Limitations of available data, including historical loss information and recent data such as collateral values,
Model imprecision,
Changes in lending policies and procedures, including changes in loss recognition and mitigation policies and procedures,
Timing of available information, including the performance of first lien positions, and
Other relevant factors

See Note 3 Loans for additional information about our loan portfolio and the related allowance.

Accrued Interest
When accrued interest is reversed or charged-off in a timely manner the CECL standard provides a practical expedient to exclude
accrued interest from ACL measurement. We consider our nonaccrual and charge-off policies to be timely for all of our investment
securities, loans and leases, with the exception of consumer credit cards, education loans and certain unsecured consumer lines of credit. We consider the length of time before nonaccrual/charge-off and the use of appropriate other triggering events for nonaccrual and charge-offs in making this determination. Pursuant to these policy elections, we calculate reserves for accrued interest on credit cards, education loans and certain consumer lines of credit, which are then included within the ACL for loans and leases. See the Debt Securities and Nonperforming Loans and Leases sections of this Note 1 for additional information on our nonaccrual and charge-off policies.

Additionally, pursuant to our use of a discounted cash flow methodology in estimating credit losses for our home equity and residential real estate loan classes, applicable reserves for accrued interest are also included within the ACL for loans and leases for these loan classes.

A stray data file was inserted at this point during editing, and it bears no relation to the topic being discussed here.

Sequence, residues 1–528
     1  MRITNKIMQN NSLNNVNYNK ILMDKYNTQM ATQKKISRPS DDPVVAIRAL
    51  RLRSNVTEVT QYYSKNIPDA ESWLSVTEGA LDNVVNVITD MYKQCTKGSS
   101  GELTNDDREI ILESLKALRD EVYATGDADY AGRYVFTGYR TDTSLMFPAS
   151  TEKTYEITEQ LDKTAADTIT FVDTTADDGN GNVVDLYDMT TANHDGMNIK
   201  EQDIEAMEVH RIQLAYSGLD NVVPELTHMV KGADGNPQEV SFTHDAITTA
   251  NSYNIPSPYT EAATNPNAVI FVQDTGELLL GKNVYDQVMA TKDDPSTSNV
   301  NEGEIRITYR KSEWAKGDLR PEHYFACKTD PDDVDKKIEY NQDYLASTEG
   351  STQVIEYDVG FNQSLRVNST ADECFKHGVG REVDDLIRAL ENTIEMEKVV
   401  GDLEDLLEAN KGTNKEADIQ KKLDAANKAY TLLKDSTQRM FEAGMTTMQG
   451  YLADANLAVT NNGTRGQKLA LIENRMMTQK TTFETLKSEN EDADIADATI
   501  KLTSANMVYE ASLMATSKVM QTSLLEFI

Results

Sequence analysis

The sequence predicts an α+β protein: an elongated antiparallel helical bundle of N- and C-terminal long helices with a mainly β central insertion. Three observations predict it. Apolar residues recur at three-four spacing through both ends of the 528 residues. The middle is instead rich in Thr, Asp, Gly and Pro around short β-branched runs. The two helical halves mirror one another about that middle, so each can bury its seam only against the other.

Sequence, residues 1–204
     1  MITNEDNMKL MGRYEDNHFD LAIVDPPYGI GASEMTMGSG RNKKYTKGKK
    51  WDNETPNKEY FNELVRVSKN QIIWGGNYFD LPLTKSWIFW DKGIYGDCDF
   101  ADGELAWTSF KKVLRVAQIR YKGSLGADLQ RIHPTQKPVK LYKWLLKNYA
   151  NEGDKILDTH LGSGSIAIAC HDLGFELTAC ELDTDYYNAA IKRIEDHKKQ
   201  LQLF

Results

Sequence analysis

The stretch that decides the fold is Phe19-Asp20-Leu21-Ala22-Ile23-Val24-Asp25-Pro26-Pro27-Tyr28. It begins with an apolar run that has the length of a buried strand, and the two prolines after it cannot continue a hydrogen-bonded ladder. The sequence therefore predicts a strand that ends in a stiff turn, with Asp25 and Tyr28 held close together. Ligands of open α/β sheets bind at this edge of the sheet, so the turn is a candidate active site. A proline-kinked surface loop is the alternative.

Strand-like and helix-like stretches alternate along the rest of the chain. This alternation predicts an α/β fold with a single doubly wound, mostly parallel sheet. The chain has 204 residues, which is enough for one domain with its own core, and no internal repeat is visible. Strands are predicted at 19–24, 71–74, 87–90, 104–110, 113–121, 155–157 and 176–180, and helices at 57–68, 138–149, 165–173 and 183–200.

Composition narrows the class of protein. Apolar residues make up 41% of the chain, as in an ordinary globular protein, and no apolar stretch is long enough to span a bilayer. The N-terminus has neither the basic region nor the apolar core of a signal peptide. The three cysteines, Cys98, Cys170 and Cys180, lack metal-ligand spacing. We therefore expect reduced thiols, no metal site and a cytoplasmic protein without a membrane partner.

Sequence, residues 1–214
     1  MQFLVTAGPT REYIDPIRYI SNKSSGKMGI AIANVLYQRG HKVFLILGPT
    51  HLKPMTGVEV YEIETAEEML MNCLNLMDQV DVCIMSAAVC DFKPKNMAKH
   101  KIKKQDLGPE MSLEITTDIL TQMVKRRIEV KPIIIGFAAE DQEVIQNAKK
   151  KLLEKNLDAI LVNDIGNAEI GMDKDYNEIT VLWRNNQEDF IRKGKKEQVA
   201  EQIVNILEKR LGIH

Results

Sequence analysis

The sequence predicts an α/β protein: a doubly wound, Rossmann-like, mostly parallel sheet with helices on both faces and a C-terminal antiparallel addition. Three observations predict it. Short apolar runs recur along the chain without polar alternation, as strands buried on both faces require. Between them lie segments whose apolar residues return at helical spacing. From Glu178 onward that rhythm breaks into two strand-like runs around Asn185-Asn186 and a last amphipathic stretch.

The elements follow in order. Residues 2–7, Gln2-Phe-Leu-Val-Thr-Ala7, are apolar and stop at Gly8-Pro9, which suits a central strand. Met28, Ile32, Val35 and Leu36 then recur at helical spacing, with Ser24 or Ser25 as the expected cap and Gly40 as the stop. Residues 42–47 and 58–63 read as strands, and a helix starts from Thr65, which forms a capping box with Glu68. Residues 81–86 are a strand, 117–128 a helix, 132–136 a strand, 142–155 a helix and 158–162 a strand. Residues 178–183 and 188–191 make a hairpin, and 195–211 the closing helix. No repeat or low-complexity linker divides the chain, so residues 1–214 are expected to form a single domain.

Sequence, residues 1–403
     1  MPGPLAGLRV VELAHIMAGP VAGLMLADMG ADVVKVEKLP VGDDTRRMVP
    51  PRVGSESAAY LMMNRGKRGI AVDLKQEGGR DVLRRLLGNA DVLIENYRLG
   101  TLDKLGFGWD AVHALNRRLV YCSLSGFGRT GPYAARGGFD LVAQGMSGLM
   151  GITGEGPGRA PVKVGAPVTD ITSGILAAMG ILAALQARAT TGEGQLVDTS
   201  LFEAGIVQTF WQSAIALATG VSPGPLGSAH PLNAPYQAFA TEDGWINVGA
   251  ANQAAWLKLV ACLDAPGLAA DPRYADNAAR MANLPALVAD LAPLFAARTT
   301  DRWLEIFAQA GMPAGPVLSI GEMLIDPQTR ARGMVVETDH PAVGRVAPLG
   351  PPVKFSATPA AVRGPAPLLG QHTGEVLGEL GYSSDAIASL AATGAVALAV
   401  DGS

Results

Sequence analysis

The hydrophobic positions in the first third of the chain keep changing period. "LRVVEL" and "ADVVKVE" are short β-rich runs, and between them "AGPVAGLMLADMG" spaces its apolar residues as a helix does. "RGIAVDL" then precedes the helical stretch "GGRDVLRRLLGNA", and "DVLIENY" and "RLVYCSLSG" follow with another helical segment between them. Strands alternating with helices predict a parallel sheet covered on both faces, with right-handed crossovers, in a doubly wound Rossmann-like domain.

Purchased Credit Deteriorated Loans or Securities
The ACL for purchased credit deteriorated loans or securities is determined at the time of acquisition, as the estimated expected credit loss of the outstanding balance or par value, based on the methodologies described previously for loans and securities. In accordance with CECL, the ACL recognized at acquisition is added to the acquisition date purchase price to determine the asset’s amortized cost basis.

Allowance for Credit Losses - Unfunded Lending Related Commitments
We maintain the ACL for unfunded lending related commitments on off-balance sheet credit exposures that are not unconditionally cancelable (e.g., unfunded loan commitments, letters of credit and certain financial guarantees), at a level we believe is appropriate as of the balance sheet date to absorb expected credit losses on these exposures. Other than the estimation of the probability of funding, this reserve is estimated in a manner similar to the methodology used for determining reserves for loans and leases. The ACL for unfunded lending related commitments is recorded as a liability on the Consolidated Balance Sheet. Net adjustments to this reserve are included in the provision for credit losses.